“Ultimately, either businesses will close or consumers will pay more” (Dubay). Dana Holding Corp warned their employees of potential layoffs, citing $24 million over the next six years in additional U.S. healthcare expenses. The company has already begun laying off white collar employees. The CBO predicts three million people will lose employer based coverage as a result of the PPACA, noting firms that tend to drop coverage are smaller employers and employers who employ low wage workers. Other sources have estimated as many as 43 million low wage employees may be dropped into the state exchanges. This would significantly increase taxpayer obligations and further increase the cost of the program. To compensate for the new tax expenses, companies can reduce profits, reduce administrative costs, reduce labor costs (fewer jobs or lower wages), or raise their premiums. The global capital market is highly competitive and many companies already have prevailing incentives to reduce administrative costs.

Therefore, they are more likely to raise premiums or reduce labor costs, or a combination of both. Mercer, an employee benefits consulting firm, revealed in a November 2012 research study that in addition to considering lower-cost plans, two-thirds of companies polled said they would also raise health care costs for workers through higher co-pays and deductibles, regardless of whether the employee is a CEO or a line worker at a factory (Murphy). This is a job destroying law that will negatively affect nearly everyone.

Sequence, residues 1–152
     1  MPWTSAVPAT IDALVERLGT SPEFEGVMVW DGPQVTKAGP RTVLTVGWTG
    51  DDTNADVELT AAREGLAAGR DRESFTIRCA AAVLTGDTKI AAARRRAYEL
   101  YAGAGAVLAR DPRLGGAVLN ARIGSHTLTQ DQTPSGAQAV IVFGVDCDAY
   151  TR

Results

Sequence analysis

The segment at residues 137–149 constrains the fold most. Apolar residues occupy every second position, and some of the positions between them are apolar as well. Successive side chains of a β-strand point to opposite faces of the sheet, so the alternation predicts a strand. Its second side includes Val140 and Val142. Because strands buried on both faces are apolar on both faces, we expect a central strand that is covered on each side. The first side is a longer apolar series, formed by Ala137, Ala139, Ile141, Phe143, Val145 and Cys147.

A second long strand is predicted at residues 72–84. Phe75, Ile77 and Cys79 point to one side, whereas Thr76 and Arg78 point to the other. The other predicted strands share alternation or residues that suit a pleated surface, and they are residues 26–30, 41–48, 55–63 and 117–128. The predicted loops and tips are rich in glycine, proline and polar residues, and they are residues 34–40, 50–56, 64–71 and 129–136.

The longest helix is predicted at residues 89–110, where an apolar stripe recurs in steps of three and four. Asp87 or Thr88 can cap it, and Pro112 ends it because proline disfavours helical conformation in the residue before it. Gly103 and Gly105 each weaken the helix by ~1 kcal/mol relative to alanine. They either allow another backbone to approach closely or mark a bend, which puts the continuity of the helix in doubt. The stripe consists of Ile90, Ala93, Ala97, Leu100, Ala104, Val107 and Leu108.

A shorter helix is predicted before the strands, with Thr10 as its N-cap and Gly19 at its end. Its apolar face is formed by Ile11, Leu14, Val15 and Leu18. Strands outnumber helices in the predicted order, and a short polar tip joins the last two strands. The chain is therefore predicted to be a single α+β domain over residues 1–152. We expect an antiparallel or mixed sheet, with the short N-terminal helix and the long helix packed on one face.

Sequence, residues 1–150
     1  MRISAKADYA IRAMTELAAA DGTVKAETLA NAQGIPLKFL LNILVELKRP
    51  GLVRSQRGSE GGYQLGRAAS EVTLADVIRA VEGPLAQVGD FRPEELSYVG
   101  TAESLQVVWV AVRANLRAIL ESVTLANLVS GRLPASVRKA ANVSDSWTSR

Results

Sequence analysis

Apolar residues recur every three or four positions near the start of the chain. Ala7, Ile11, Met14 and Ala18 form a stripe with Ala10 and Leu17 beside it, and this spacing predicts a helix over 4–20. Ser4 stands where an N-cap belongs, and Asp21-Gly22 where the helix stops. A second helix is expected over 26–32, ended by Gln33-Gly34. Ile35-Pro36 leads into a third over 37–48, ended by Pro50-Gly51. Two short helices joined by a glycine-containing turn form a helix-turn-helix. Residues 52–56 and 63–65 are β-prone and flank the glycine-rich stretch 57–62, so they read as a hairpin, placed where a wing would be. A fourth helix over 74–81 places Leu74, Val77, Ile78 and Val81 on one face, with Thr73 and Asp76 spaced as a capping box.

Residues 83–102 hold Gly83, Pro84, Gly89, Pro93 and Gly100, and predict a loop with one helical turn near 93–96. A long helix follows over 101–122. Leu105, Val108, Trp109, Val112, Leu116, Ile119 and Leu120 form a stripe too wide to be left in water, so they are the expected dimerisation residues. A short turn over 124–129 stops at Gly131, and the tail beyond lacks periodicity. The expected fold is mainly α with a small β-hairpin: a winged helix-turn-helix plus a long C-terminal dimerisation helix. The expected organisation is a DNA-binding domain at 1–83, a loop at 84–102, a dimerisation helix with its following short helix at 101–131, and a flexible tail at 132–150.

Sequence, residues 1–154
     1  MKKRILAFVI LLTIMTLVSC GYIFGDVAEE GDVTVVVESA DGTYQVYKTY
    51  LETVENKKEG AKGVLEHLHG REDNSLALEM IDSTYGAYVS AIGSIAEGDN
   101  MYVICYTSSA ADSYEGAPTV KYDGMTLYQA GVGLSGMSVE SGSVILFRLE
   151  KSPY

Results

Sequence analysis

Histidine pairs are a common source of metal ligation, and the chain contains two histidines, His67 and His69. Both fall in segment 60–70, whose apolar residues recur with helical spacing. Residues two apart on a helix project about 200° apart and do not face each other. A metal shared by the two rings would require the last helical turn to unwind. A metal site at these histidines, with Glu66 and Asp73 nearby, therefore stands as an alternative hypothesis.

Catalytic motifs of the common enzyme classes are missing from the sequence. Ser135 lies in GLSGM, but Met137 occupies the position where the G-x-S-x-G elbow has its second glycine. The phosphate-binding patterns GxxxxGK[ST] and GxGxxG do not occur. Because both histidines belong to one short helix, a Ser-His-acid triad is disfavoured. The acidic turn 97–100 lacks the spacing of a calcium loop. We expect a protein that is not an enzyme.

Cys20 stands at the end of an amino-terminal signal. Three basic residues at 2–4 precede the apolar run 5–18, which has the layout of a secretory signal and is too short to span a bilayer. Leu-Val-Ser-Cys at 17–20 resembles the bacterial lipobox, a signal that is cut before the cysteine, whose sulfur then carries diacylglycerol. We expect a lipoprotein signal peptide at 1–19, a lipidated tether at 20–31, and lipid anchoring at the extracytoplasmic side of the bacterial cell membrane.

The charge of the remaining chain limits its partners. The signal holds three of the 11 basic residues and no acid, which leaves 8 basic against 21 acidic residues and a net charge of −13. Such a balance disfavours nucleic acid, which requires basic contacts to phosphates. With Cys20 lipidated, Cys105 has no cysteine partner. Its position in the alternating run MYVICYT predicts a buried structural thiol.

The cost of the tax increase will result in lower wages, hire unemployment, lower hours worked per employee, cut jobs, lower profits, lower shareholder returns, less innovation, and higher prices for consumers. The new tax mandate will create access barriers to healthcare and services, further increasing costs. Companies will proceed very cautiously before committing themselves to new investments and employment decisions. The effect this has on economic growth, innovation, and job creation is significantly counterproductive toward the goal of increase growth in this anemic economy.